The first domino

Smith & Wesson: Maintaining its business was more important than a protracted legal battle.

March 22, 2000

AMERICANS may get safer guns after all. Smith & Wesson's agreement last week to settle lawsuits with the federal government and 28 local governments not only protects the company -- it has also changed the debate over gun safety.

The agreement -- which contains many of the reforms President Clinton has asked Congress to approve -- sidesteps the congressional logjam. Smith & Wesson agreed to restrictions such as background checks at gun shows and designing guns so children can't fire them.

Business considerations were the force behind Smith & Wesson's decision. Faced with the possibility of paying off millions in lawsuit settlements or unfavorable judgments, the nation's largest gun maker -- which sells about 19 percent of the 2.5 million sold annually -- decided to act responsibly. It broke ranks with its fellow manufacturers and the National Rifle Association, which predictably called the agreement a "sell-out."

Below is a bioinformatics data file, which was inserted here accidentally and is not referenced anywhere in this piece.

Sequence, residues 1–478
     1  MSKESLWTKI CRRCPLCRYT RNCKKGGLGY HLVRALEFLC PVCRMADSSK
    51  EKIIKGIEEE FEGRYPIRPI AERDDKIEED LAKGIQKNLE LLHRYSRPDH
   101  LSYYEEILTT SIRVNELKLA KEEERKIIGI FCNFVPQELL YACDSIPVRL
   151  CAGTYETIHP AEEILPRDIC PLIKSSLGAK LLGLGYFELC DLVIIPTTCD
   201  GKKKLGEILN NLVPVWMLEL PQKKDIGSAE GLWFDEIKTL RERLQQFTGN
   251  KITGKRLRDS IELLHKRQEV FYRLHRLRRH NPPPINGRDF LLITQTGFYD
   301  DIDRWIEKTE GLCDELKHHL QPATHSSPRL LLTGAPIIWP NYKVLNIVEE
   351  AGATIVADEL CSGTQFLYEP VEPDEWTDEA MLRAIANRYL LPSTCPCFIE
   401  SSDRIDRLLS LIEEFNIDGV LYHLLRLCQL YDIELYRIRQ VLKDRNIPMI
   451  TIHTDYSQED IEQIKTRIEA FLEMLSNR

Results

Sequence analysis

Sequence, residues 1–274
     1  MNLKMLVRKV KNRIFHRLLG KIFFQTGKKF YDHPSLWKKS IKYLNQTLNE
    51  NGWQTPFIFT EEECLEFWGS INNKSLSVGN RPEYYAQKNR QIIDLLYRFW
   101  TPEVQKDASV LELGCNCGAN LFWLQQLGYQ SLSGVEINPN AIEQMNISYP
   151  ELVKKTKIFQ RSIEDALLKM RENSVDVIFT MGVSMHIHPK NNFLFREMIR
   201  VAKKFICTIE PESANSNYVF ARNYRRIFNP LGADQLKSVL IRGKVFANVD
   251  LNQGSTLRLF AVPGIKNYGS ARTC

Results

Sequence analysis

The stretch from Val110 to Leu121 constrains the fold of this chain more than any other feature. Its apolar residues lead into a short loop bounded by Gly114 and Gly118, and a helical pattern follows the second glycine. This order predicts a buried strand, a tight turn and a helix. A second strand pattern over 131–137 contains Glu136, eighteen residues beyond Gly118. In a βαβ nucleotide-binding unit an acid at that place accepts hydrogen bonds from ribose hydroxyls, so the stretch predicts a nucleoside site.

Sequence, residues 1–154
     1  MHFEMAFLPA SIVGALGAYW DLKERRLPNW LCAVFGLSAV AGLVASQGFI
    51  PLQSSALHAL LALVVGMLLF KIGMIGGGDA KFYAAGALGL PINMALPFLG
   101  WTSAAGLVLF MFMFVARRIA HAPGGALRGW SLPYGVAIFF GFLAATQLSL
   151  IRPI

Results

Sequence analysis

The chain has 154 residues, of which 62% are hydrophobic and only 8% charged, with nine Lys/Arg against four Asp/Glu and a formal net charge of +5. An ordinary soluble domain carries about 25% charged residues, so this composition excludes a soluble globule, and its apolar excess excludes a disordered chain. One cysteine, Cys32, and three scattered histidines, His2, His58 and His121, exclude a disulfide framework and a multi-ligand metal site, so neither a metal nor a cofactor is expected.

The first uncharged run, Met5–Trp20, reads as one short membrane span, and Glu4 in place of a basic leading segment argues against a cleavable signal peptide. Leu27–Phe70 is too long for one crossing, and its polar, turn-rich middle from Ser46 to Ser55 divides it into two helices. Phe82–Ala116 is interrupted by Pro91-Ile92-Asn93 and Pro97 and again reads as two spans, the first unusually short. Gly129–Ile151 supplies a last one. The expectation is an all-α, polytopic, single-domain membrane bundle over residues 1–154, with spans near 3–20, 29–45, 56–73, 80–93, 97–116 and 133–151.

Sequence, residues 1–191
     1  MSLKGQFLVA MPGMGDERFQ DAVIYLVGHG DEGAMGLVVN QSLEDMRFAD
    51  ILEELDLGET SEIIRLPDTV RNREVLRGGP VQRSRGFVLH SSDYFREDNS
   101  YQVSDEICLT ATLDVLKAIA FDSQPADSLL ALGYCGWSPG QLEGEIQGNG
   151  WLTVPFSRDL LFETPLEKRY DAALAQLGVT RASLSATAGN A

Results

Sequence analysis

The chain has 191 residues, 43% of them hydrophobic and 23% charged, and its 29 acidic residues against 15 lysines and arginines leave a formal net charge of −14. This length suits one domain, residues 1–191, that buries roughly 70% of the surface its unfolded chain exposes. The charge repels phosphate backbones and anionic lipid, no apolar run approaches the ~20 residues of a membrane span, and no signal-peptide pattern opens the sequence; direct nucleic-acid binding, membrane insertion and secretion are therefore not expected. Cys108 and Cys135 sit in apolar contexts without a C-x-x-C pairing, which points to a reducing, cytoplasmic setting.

The agreement calls for Smith & Wesson to sell external gun locks with its firearms soon, and -- in the longer term -- to develop smart guns. Smith & Wesson also agreed to sell only to gun show dealers who perform background checks. All these measures are designed to keep the company's guns out of the hands of children and criminals.

Smith & Wesson's concessions are also causing other manufacturers to reconsider their positions. Glock GMBH, an Austrian company that supplies semi-automatic pistols to many police departments, admits it is mulling its options. If federal and local law enforcement agencies give preference to gun makers who sign agreements similar to Smith & Wesson's, other gun makers will have to go along.

And that's the point here. As public anger grows after each school shooting, hostage situation or workplace slaughter, the gun makers will come to believe that they have no choice but to institute better controls and safeties.

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